The Sidney prize was established to recognise the best student in a particular subject at the University of Sydney. The prize is awarded annually to a student who achieves the highest overall average mark in their third or fourth year of study at the University of Sydney. This prize is awarded on the recommendation of the Head of the Department of Philosophy, or their nominated delegate.
Founded in 2012, this scholarship was established by Alan W.M. Mills with the object of encouraging philosophical discussion of the concept of Time. The prize is to be awarded annually, on the recommendation of the Chair and Undergraduate and Postgraduate Coordinators of the Department of Philosophy, to an undergraduate student who presents a piece of work in the field of Time that is considered by them to be of sufficient merit.
An important feature of the award is that it encourages the development of research skills in a specific area. This may involve undertaking a project under the supervision of a member of staff in the School of Philosophy or another faculty department or unit. The committee will also consider whether the research has been facilitated by the use of electronic information technology.
For this reason the award is open to students from any course or discipline at the University of Sydney, with preference being given to those who are enrolled in a research degree. The prize is awarded on the basis of a student’s ability to show a thorough understanding and application of their topic, and to their capacity to communicate effectively in written form.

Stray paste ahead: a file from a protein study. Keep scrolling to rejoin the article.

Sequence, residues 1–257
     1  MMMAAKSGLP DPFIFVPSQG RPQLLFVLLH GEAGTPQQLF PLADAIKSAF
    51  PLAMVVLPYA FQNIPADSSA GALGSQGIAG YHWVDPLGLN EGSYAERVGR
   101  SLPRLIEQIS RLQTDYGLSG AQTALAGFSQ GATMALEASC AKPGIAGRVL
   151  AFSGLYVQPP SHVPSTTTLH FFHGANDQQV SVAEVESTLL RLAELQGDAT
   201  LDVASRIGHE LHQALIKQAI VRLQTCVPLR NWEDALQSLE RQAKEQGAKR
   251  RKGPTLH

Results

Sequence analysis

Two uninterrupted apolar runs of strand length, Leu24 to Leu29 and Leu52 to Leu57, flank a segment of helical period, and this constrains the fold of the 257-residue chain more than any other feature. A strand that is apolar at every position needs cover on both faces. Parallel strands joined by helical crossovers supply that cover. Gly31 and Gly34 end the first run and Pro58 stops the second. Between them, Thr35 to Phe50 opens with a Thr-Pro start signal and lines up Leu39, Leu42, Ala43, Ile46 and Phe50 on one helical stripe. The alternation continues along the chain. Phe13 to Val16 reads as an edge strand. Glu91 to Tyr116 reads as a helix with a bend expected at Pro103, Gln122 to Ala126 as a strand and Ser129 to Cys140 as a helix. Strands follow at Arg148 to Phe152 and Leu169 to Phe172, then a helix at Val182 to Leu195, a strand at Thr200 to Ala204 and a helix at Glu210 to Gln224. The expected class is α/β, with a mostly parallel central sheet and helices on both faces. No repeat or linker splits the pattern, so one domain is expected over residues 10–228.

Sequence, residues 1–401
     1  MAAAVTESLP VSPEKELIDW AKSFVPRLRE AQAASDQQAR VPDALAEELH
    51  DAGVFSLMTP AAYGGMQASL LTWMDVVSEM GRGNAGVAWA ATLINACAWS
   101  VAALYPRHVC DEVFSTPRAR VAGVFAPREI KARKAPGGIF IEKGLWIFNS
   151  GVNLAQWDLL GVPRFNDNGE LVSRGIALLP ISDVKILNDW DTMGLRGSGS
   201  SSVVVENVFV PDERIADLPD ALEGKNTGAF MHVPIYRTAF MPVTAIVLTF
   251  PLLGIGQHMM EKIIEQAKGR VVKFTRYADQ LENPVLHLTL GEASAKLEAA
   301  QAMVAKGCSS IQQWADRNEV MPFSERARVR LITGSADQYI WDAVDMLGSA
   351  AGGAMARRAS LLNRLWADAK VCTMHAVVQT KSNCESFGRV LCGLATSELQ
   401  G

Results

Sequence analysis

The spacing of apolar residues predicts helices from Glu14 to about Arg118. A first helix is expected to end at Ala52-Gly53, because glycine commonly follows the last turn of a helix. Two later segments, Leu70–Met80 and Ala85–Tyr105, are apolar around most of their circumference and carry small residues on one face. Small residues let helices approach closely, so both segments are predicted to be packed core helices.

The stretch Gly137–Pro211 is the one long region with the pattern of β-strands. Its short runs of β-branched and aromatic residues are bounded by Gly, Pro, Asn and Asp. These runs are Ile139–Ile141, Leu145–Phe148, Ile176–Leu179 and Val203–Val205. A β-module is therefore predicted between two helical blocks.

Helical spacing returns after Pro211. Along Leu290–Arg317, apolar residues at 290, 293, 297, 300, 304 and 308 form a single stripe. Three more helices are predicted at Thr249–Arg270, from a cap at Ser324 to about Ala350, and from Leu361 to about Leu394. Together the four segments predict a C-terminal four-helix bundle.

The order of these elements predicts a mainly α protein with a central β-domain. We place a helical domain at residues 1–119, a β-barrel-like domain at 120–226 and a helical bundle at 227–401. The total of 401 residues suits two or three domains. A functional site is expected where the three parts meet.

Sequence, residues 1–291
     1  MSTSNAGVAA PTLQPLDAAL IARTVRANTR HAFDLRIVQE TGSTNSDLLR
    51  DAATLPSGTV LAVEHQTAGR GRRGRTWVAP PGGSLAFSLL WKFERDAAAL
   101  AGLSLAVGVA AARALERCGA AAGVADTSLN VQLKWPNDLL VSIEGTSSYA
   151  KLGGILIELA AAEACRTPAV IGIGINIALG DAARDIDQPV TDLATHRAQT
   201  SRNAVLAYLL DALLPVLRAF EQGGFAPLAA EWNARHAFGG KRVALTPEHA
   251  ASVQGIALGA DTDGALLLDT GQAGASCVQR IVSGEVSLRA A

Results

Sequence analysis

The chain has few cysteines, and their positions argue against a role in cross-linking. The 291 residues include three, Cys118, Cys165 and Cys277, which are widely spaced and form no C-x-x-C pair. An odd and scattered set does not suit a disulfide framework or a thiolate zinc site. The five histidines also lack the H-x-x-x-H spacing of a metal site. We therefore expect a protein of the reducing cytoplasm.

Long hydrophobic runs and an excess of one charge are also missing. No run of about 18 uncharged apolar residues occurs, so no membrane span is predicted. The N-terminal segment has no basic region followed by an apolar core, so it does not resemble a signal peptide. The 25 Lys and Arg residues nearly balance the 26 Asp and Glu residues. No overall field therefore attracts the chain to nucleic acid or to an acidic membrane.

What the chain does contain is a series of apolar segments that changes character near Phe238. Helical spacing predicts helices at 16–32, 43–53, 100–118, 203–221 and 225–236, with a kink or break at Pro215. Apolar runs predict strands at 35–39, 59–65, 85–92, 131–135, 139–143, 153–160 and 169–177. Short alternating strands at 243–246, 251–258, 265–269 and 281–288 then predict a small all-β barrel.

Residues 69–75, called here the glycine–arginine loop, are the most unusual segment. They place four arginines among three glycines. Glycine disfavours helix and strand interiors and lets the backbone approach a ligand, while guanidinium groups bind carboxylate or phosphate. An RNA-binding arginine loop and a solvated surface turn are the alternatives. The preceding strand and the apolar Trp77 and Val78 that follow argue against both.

One of Sidney’s most notable accomplishments was his belief in the importance of integrating the humanities and social sciences into a science curriculum. He was particularly concerned with helping students develop a deeper appreciation of these disciplines.
He worked on ribonuclease-P, a key enzyme that catalyses the formation of DNA from RNA molecules, and won a Nobel Prize for his work. Altman’s discovery of the catalytic properties of ribonuclease-P changed the way that scientists thought about RNA. It challenged the conventional view that a molecule could either carry information, like RNA, or catalyze chemical reactions, like proteins, but not both.
After he received his bachelor’s degree, Sidney went to graduate school in physics at Columbia University. But he was drawn to the young field of molecular biology and decided to change his major. He took an introductory course and was instantly captivated by the new field.
Later, at Hamilton College, he devoted himself to teaching and mentoring students in the sciences and the humanities. He was a devout believer in the value of science, and believed that all students should be provided with the opportunity to pursue excellence in their chosen fields while at the same time developing a broad understanding of the various disciplines within the sciences.
As a result of this approach, many students who started at Yale as science majors emerged from the institution with a deep appreciation for the arts and social sciences. This has since been replicated at other institutions, including the University of Oxford and Harvard.